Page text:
Low Voter Turnout in West Virginia's Special Election for Governor Part of Disturbing Pattern

by Christina Grier // Published October 13, 2011

Voters in West Virginia went to the polls West Virginia went to the polls on Tuesday, October 4 to elect a new governor The winner was Democrat Earl Tomblin, who had served as interim governor since Joe Manchin’s departure from the position after winning a U.S. Senate seat last year

Well, let’s say “some voters went to the polls.” In fact, only 25% of registered voters turned out to vote for a total of 304,145 people. Tomblin won just 150,732 votes in a state with 1,852,994 residents.

 The question is, what is happening to our electoral process that is causing such low voter turnout rates? Is it not troubling that our elections, as in the case of West Virginia, are really only generating representation from only one-fourth of the electorate? Holding an election is a democratic process that enables citizens the chance to shape the future of their government. When maximum participation is not met, true representation of the full electorate can never be fulfilled.

It’s not just West Virginia. Last month the states of New York (9th District) and Nevada (2nd District) held special elections to fill open congressional seats. In New York, only one in five voters participated in the special election. The Huffington Post reported Huffington Post reported that citizens in the district were very frustrated with the poor economy.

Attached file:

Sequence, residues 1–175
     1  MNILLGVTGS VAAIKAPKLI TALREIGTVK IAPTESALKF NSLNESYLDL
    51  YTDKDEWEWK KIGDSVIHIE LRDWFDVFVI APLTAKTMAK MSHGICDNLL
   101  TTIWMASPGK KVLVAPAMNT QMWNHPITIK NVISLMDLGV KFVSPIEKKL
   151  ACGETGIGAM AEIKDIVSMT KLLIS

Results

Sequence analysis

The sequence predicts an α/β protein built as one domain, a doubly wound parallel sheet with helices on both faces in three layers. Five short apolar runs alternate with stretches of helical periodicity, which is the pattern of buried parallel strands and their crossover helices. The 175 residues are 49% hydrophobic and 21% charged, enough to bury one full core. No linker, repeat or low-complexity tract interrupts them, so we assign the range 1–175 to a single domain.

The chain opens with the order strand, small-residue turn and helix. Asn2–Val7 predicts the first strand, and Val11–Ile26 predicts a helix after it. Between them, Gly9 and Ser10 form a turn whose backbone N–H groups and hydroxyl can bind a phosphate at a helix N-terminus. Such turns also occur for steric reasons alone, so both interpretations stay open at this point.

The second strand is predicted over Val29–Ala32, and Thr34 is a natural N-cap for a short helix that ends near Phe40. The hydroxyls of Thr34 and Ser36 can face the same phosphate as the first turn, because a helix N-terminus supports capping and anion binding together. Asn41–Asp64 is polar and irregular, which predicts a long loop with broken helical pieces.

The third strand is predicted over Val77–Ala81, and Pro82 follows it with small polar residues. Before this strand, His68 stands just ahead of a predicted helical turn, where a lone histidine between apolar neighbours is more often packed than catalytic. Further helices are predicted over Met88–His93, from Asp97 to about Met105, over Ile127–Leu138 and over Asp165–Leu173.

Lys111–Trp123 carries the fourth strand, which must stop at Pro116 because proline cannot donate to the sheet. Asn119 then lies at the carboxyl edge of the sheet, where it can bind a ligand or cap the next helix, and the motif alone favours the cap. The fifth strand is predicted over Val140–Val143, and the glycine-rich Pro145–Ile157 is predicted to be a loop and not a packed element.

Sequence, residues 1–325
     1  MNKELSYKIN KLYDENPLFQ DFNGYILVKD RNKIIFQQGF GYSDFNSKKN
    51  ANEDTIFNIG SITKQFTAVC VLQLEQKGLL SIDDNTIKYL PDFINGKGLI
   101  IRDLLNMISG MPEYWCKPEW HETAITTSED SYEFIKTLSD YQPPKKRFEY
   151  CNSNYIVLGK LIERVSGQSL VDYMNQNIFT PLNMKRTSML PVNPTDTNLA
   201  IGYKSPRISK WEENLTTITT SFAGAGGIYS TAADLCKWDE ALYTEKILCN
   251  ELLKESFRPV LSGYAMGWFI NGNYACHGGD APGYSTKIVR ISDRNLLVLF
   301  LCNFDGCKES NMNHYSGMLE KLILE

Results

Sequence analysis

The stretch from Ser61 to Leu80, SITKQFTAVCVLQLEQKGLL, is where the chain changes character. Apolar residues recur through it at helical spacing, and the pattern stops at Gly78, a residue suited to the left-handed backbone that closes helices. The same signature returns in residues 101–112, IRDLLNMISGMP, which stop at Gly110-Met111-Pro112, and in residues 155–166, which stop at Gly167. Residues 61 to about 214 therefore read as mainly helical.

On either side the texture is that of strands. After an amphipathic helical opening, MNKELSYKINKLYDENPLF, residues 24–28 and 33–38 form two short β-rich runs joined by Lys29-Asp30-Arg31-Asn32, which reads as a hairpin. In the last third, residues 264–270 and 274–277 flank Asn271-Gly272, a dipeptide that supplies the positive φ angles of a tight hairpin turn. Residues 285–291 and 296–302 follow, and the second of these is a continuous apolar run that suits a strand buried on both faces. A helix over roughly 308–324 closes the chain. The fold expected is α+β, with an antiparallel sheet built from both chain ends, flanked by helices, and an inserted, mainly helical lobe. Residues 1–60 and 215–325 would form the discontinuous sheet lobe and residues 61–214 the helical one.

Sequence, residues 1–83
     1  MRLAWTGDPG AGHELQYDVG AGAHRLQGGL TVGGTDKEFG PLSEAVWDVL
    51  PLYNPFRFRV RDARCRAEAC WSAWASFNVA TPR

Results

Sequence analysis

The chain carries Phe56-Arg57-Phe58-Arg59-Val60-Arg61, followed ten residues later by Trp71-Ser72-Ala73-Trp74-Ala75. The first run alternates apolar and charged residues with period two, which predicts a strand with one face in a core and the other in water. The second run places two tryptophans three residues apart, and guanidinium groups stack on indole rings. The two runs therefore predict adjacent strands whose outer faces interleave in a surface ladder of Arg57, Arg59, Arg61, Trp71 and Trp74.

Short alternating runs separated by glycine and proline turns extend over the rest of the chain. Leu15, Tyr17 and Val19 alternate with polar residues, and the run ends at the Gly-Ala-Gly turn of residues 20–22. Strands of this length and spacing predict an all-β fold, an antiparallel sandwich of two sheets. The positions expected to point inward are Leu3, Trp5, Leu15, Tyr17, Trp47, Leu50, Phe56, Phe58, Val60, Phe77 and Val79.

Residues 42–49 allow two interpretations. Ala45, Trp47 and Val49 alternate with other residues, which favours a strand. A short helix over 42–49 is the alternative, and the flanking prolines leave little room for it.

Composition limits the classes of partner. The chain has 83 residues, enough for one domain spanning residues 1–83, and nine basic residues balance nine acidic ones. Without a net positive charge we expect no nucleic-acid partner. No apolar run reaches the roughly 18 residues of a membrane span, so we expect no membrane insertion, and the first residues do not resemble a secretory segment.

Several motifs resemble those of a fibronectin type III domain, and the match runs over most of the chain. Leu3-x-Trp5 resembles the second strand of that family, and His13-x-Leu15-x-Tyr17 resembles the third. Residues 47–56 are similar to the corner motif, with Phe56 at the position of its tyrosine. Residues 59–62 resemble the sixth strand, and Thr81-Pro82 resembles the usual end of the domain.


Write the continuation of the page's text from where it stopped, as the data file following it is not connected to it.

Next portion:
In Nevada, the New York Times found people speaking of “fear and dread” when asked about the future of the country. Not many voters found the candidates’ arguments convincing, with few actually believing that whoever they elected would be able to make their living situation better. Overall, only 33% of the district’s registered voters cast a ballot.

It is clear that hard times and the growing amount of frustration about the state of the economy is taking a toll on voter participation. In an August 2011 Washington Post poll, just 26% of Americans actually believe the federal government could solve the country’s economic problems, a percentage that fell 21 points since October of 2010. It is a concern when people are upset with government but do not see elections as a way to fix it.

 A disconnect has occurred regarding the effectiveness of elections, but my hope is that if citizens across the country were to come together to the polls, as a family, community, or organization, that strength in numbers would produce a far better outcome regarding policies for the future of the country than if voters decided to stay home.

 Think of it as a basketball game. If you sit out of the game on the sidelines, you might send a message to the other team that you do not care much about interacting with them, but you can never score points, never have input in the results, and ultimately, the other team will win. Our political leaders will never have the time to sit with every constituent one-on-one. An election is that designated time to speak to them, and without participation in the electoral process, the government is less likely to make policies that citizens favor because the government has not received their input.

FairVote is going to be regularly reporting on voter turnout in our elections and looking for good ideas people have to increase it. We have a number of reform ideas that we believe would help, but the problem is more deeply rooted than any set of structural reforms. We need your ideas – and need to keep putting a spotlight on the problem.